Tuesday, February 21, 2017

ABC Landline on Agricultural Trade with China: wool

On Sunday 5 February 2017, ABC Landline returned with a 90 minute special on Australia's agricultural trade with China. For those in Australia, the program is available for repeat on ABC Iview until 7 March. I found it quite fascinating. It also reminded me just how little I knew about some current trade developments.

Let me start with an example.

China is currently the world’s largest wool importer, and in 2015/16 it purchased 80 per cent of the Australian wool clip. China processes an average of 260,000 tons of wool per year, making it the world’s largest wool processor and largest manufacturer of woolen products for the global textile and apparel market. Wool currently represents for 3.5 per cent of the total textile output in China; the domestic market consumes over 70 per cent of its wool products.

I knew that China was now Australia's biggest buyer, but hadn't realised that it now held 80 per cent of the market. I had thought that Italy was relatively more important. I also hadn't realised that the Chinese domestic market was so important for total wool sales. .

I think, perhaps, that the thing that most surprised me was the sophistication of the production process. I know the basic stages in production from raw wool to final product, but all this was a bit of an eye-opener, including the product segmentation. It will be no secret that I love wool fabric, so it was fascinating to watch.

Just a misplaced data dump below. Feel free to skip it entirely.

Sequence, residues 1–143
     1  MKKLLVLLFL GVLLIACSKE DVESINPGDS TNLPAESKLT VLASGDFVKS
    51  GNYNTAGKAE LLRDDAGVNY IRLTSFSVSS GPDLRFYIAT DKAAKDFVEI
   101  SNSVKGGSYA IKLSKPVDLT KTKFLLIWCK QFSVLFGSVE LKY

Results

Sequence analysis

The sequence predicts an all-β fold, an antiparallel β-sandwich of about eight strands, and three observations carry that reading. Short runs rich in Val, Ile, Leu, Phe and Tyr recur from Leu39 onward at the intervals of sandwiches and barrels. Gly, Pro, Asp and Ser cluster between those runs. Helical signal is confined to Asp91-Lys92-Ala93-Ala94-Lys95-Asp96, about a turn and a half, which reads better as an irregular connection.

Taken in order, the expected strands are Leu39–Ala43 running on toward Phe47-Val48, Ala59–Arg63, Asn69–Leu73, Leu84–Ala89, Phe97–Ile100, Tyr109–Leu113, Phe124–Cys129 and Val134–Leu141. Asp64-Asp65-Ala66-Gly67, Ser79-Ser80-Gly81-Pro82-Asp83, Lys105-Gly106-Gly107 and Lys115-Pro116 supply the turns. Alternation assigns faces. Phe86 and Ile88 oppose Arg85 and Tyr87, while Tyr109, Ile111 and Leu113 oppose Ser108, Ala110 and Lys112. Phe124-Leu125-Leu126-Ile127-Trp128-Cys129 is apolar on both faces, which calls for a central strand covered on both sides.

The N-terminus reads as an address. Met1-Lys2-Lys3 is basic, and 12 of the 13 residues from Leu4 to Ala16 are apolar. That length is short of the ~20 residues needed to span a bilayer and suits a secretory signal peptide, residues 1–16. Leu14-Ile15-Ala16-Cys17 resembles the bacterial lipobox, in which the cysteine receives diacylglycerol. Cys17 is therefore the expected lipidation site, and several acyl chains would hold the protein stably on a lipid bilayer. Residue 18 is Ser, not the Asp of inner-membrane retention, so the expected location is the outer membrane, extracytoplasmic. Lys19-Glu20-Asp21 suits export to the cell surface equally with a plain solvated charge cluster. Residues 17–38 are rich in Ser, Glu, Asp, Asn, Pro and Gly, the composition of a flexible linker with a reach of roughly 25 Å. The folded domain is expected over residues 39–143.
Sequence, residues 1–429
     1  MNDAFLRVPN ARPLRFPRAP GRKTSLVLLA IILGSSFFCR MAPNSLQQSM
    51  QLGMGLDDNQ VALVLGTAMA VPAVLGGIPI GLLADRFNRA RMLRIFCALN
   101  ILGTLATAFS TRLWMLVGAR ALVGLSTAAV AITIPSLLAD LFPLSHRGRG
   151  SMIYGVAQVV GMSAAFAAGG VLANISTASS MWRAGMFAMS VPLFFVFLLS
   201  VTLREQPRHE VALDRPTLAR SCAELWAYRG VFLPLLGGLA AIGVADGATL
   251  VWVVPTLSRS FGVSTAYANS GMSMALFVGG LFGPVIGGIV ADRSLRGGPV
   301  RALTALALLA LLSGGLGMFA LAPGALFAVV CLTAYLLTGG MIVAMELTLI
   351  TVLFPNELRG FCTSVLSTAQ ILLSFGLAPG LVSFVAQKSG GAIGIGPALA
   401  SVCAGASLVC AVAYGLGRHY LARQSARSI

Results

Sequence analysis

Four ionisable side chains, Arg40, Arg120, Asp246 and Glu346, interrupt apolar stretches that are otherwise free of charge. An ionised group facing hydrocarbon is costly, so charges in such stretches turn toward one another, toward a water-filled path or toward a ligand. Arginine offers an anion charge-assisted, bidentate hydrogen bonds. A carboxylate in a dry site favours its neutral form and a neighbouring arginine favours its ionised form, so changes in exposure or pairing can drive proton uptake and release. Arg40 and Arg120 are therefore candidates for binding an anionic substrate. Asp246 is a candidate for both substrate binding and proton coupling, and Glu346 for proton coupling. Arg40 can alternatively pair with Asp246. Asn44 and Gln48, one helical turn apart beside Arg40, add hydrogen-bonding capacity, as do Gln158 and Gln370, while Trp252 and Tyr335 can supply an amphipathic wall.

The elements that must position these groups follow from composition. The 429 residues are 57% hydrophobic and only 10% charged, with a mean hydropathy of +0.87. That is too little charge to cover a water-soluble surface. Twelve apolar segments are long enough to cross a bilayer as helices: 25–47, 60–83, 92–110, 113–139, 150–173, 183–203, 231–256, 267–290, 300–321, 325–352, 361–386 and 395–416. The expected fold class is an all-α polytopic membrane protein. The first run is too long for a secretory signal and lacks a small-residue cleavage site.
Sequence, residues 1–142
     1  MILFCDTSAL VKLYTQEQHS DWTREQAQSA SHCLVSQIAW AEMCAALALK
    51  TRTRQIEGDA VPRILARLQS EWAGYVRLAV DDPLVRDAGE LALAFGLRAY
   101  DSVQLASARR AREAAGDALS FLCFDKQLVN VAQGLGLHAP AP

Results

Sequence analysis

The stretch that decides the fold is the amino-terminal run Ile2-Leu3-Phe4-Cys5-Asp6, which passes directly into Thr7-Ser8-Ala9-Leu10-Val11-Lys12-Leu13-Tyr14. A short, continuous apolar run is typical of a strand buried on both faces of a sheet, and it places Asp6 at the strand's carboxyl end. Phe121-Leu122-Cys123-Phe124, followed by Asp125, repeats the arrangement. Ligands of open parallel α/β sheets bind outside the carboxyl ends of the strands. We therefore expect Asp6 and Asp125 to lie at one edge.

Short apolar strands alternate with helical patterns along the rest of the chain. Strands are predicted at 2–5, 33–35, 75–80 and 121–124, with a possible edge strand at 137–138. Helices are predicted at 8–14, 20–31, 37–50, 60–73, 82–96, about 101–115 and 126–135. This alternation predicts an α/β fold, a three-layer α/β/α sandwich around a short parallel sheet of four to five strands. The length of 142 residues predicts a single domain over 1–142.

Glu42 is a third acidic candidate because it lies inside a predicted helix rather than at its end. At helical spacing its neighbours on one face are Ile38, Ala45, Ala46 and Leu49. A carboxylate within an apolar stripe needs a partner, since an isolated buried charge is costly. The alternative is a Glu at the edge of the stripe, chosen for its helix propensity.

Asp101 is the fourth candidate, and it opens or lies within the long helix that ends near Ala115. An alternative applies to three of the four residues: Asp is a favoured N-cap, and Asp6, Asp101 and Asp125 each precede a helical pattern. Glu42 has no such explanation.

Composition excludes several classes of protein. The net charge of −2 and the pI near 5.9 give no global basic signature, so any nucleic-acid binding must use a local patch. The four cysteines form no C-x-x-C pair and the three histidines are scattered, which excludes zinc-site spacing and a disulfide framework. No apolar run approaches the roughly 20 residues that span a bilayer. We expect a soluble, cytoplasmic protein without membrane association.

I was also interested in the latest women's fashions from  Chinese super model Lu Yan, As a mere male, and somewhat to the despair of my female family and friends, I am very reluctant to comment on what clothes look like in regard to particular females.

This doesn't mean that I don't have views. I do. I like colour and line, but in the end the clothes have to fit to particular bodies and the taste of the wearers. And that can get you into strife if you comment!

All that said, there have been some very good wool fashions over the years. That scratchy heavy feel that once marked wool is long gone.

Unlike cotton where you can meet increased demand by adding a few paddocks, wool depends upon sheep numbers.This production constraint is a very real issue. When demand is low, sheep numbers drop but cannot be quickly increased when demand rises. This helps make wool a more expensive fibre.

China faces particular production problems because of rising labour costs and environmental requirements. We have already seen how this has led to shifts in textile production from China to cheaper countries such as Vietnam and Bangladesh.

During the program I learned that the Jiangsu Sunshine Group was shifting production to Ethiopia with a total spend variously reported between $US 350 million and $US one billion. to set up a textile factory in the industrial park of the city of Adama. The factory is expected to produce around 10 million metres of worsted wool fabrics, and approximately 1.5 million finished parts.

I was interested in the Ethiopian example because of the brief discussion in comments on African economic development in Saturday Morning Musings - Adama Barrow sworn in, President Trump, preference deals and the Bald Archy's.
Wool was only one part of the Landline program. I will pick up other elements and especially the rise in capital intensity in agriculture in another post.



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